A professional journalist embarrasses himself in Jackson, Tenn.
As Thanksgiving approaches, perhaps we all should stop and give thanks that we have not, recently at least, made fools of ourselves quite as thoroughly as did Jackson (Tenn.) Sun editorial page editor Tom Bohs when he admonished "citizen journalists:"
"If your mother tells you she loves you, check it out."
You too, Tom.
In a column that bears the earmarks of a cranky old journalist being forced by his boss to endure the humiliation of neighborhood kids walking on his lawn, Bohs managed to misspell Dan "Gilmour" (it's Gillmor), misidentify the Center for Citizen Media as being part of the University of California (it's Arizona State and Harvard), and misspell "Berkely," the town where the center isn't located.
Oh, yes, and there is that little thing about completely fabricating reasons Dan is teaching.
And, when it came time to think and write about citizen media, maybe Bohs should have read the book. Or had a 14-year-old introduce him to the Google.
OK, everybody makes mistakes. Bohs had this to say about that:
"The other thing I know is that if I write about something and it is wrong, I am responsible, held accountable and perhaps even liable; if it is seriously wrong, so is The Jackson Sun. Trust me, this is not somewhere you want to go."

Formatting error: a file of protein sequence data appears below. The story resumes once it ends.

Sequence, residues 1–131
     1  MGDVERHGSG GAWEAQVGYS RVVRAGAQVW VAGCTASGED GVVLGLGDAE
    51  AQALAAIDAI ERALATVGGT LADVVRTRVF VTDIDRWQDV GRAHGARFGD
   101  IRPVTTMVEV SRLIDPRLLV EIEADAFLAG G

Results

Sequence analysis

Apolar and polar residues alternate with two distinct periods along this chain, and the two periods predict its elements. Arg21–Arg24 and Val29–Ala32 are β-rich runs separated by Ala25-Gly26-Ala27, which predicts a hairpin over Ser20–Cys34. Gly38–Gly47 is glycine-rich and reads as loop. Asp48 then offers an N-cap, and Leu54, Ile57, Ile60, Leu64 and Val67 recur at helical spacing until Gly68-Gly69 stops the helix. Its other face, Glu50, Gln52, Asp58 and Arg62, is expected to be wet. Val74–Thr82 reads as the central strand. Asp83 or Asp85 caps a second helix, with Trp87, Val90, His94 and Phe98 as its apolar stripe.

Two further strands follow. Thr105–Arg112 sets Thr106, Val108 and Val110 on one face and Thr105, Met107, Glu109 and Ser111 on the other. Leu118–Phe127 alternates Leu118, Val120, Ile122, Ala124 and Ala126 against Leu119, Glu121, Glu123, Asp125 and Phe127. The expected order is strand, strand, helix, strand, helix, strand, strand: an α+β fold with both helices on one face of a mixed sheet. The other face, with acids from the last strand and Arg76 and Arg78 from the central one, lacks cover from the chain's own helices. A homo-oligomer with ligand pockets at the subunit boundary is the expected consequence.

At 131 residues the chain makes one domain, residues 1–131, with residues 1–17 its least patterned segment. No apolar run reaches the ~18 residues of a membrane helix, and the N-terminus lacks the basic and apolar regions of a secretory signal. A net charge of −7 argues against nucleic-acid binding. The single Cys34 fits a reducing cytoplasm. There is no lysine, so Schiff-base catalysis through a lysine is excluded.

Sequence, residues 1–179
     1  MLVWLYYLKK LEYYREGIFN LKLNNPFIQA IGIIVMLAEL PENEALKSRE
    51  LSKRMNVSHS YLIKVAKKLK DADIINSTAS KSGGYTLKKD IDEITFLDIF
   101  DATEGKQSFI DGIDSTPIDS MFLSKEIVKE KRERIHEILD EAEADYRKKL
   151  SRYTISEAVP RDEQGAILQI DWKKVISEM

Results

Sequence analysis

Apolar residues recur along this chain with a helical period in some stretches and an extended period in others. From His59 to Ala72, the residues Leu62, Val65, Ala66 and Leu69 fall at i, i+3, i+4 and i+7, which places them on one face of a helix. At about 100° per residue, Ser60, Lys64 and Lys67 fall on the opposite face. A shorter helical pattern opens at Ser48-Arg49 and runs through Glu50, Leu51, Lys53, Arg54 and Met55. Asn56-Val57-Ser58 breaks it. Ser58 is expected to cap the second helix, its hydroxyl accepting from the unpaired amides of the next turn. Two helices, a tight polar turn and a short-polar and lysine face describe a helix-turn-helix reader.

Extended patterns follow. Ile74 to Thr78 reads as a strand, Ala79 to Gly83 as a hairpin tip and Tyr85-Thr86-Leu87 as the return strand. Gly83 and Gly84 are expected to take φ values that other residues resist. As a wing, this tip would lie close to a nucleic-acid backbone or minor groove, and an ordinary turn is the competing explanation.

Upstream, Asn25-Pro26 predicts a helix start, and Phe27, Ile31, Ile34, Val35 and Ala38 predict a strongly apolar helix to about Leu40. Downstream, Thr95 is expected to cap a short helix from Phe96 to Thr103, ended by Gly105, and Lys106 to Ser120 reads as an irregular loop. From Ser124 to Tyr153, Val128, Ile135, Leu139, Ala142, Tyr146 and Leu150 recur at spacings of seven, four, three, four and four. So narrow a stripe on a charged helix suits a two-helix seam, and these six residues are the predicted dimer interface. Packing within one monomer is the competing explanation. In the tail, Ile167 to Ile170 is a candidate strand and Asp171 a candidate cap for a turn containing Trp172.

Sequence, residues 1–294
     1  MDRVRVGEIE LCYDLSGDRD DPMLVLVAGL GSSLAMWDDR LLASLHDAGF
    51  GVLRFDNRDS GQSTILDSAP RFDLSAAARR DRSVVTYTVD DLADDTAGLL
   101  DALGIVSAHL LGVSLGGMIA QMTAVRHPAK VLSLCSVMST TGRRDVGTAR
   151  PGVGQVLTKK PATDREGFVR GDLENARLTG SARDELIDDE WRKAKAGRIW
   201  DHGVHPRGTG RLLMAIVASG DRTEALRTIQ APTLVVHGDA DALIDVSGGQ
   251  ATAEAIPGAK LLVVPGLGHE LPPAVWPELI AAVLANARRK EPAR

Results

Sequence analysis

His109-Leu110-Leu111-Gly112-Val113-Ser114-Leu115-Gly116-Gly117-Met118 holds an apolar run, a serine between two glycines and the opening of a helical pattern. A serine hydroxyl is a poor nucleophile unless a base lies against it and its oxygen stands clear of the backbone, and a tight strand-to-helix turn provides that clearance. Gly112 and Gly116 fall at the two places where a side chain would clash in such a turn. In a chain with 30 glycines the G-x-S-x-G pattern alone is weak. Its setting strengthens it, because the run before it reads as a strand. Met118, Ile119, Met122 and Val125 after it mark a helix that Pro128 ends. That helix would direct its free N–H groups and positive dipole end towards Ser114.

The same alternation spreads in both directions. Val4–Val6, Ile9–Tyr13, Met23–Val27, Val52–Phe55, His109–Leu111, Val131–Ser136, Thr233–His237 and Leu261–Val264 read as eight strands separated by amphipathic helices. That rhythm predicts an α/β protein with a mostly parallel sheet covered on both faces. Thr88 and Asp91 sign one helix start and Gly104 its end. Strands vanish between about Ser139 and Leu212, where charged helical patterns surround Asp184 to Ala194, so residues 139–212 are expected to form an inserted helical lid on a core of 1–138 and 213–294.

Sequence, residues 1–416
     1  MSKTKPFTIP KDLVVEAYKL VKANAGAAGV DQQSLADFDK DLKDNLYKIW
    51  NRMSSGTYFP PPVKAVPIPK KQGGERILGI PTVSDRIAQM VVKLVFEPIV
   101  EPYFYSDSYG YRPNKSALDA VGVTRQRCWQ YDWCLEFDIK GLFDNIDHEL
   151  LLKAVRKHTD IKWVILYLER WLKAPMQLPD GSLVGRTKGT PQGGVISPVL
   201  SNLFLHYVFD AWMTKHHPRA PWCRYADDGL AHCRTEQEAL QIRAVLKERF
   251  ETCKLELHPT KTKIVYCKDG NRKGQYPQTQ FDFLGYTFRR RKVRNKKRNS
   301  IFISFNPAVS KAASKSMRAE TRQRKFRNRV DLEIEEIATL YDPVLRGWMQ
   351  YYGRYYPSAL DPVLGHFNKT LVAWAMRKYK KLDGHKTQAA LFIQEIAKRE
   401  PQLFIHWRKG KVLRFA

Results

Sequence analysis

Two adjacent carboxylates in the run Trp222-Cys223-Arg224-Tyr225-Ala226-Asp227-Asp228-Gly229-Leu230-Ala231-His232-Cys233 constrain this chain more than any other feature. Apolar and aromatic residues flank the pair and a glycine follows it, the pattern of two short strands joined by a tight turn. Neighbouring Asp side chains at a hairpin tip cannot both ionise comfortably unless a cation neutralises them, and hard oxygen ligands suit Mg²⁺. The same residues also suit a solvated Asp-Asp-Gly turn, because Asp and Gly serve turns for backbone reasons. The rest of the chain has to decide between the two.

So, what does accountability look like in the world of professional journalism these days?
I wanted to leave a comment under the column, but I couldn't.
The only legitimate reason to pay an editorial writer is to help lead and facilitate community discussion of civic issues, but the Jackson Sun doesn't allow comments. Instead, there's a link to a forum -- a link that is 404.
As I said, everybody makes mistakes.
I learned "If your mother tells you she loves you, check it out" in 1969 from the mighty John Bremner at the University of Kansas.
But in my first week as a newspaper editor I misidentified a source. He was a 300-pound German-American plumber, even more intimidating than Bremner, and when he got done with me, he had cleared up any misunderstanding I might have had about the importance of checking it out.
In my years as a print copy editor in St. Louis and Minneapolis, I was made acutely aware of just how close we all are to making fools of ourselves in public every day. I learned just what a glass house we live in.
It is not wise to throw stones at the people outside.